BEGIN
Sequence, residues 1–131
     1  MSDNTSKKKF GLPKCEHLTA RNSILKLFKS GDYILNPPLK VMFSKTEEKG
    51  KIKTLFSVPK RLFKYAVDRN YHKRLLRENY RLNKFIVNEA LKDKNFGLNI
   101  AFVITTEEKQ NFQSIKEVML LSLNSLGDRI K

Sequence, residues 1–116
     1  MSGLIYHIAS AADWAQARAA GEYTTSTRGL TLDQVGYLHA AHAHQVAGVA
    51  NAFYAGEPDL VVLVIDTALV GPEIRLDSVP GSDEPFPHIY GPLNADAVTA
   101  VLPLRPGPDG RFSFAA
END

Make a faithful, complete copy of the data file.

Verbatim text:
Sequence, residues 1–131
     1  MSDNTSKKKF GLPKCEHLTA RNSILKLFKS GDYILNPPLK VMFSKTEEKG
    51  KIKTLFSVPK RLFKYAVDRN YHKRLLRENY RLNKFIVNEA LKDKNFGLNI
   101  AFVITTEEKQ NFQSIKEVML LSLNSLGDRI K

Sequence, residues 1–116
     1  MSGLIYHIAS AADWAQARAA GEYTTSTRGL TLDQVGYLHA AHAHQVAGVA
    51  NAFYAGEPDL VVLVIDTALV GPEIRLDSVP GSDEPFPHIY GPLNADAVTA
   101  VLPLRPGPDG RFSFAA